3C 120 is a nearby radio galaxy (z = 0.033) that shows superluminal motions in its radio jet within one parsec of the nucleus. The apparent velocities of the moving features are approximately 1.5 mas/yr. This object is of particular interest because it is clearly identified with an N-type galaxy, unlike all other superluminal radio sources which are only seen in quasars and BL Lac objects. Because of the close proximity of 3C 120, we have been able to make a series of VLBI and VLA images at stepped resolutions, and thereby map the radio jet continuously from the radio nucleus (0.5 h−1 parsec) into the diffuse 400 h−1 kpc structure.
Sleep disturbances are prominent correlates of acute mood episodes and inadequate recovery in bipolar disorder (BD), yet the mechanistic relationship between sleep physiology and mood remains poorly understood. Using a series of pre-sleep mood inductions and overnight sleep recording, this study examined the relationship between overnight mood regulation and a marker of sleep intensity (non-rapid eye movement sleep slow wave activity; NREM SWA) during the interepisode phase of BD.
Adults with interepisode BD type 1 (BD; n = 20) and healthy adult controls (CTL; n = 23) slept in the laboratory for a screening night, a neutral mood induction night (baseline), a happy mood induction night, and a sad mood induction night. NREM SWA (0.75–4.75 Hz) was derived from overnight sleep EEG recordings. Overnight mood regulation was evaluated using an affect grid pleasantness rating post-mood induction (pre-sleep) and the next morning.
Overnight mood regulation did not differ between groups following the sad or happy inductions. SWA did not significantly change for either group on the sad induction night compared with baseline. In BD only, SWA on the sad night was related to impaired overnight negative mood regulation. On the happy induction night, SWA increased relative to baseline in both groups, though SWA was not related to overnight mood regulation for either group.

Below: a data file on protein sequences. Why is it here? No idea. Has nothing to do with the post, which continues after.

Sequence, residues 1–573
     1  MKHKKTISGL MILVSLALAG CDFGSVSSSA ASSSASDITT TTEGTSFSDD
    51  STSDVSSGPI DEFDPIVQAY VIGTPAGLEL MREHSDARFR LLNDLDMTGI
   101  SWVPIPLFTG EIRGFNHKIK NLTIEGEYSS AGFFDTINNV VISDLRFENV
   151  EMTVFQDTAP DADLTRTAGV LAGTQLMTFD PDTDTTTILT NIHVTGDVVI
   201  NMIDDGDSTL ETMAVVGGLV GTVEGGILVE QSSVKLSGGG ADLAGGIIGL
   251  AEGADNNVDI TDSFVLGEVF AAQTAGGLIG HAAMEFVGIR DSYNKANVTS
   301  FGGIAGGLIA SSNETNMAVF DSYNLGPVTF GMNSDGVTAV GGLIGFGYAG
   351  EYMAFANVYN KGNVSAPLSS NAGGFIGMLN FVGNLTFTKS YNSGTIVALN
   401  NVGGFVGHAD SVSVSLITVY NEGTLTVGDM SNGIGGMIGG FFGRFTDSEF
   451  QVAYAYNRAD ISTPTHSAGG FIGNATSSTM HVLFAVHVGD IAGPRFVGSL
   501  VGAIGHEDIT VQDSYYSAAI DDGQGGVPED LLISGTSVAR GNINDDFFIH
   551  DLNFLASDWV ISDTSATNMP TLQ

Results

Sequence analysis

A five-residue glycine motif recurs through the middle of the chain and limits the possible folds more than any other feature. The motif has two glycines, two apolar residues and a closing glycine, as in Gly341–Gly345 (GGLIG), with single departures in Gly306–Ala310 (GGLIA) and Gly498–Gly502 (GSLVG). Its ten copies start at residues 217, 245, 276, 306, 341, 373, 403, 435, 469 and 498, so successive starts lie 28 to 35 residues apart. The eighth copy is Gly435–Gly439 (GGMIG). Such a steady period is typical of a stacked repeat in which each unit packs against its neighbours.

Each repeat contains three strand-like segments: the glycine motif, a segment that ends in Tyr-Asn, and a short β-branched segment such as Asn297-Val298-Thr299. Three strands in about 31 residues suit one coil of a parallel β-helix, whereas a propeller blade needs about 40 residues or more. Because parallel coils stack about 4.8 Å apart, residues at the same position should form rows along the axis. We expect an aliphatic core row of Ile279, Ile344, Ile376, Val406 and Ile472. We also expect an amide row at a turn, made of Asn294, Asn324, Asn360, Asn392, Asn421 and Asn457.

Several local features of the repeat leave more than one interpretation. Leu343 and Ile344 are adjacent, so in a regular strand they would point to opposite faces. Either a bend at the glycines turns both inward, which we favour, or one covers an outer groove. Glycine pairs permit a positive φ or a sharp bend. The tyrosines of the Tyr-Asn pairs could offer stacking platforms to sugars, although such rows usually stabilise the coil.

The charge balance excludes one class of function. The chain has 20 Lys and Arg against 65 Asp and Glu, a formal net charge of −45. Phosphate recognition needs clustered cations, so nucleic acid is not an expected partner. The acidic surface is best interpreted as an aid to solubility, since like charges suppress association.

These findings indicate that SWA disruption may play a role in sustaining negative mood state from the previous night in interepisode BD. However, positive mood state could enhance SWA in bipolar patients and healthy adults.
We present low-frequency spectral energy distributions of 60 known radio pulsars observed with the Murchison Widefield Array telescope. We searched the GaLactic and Extragalactic All-sky Murchison Widefield Array survey images for 200-MHz continuum radio emission at the position of all pulsars in the Australia Telescope National Facility (ATNF) pulsar catalogue. For the 60 confirmed detections, we have measured flux densities in 20 × 8 MHz bands between 72 and 231 MHz. We compare our results to existing measurements and show that the Murchison Widefield Array flux densities are in good agreement.
The S-band Polarisation All-Sky Survey has observed the entire southern sky using the 64-m Parkes radio telescope at 2.3 GHz with an effective bandwidth of 184 MHz. The surveyed sky area covers all declinations δ ⩽ 0°. To analyse compact sources, the survey data have been re-processed to produce a set of 107 Stokes I maps with 10.75 arcmin resolution and the large scale emission contribution filtered out. In this paper, we use these Stokes I images to create a total intensity southern-sky extragalactic source catalogue at 2.3 GHz. The source catalogue contains 23 389 sources and covers a sky area of 16 600 deg2, excluding the Galactic plane for latitudes |b| < 10°. Approximately, 8% of catalogued sources are resolved. S-band Polarisation All-Sky Survey source positions are typically accurate to within 35 arcsec. At a flux density of 225 mJy, the S-band Polarisation All-Sky Survey source catalogue is more than 95% complete, and ~ 94% of S-band Polarisation All-Sky Survey sources brighter than 500 mJy beam−1 have a counterpart at lower frequencies.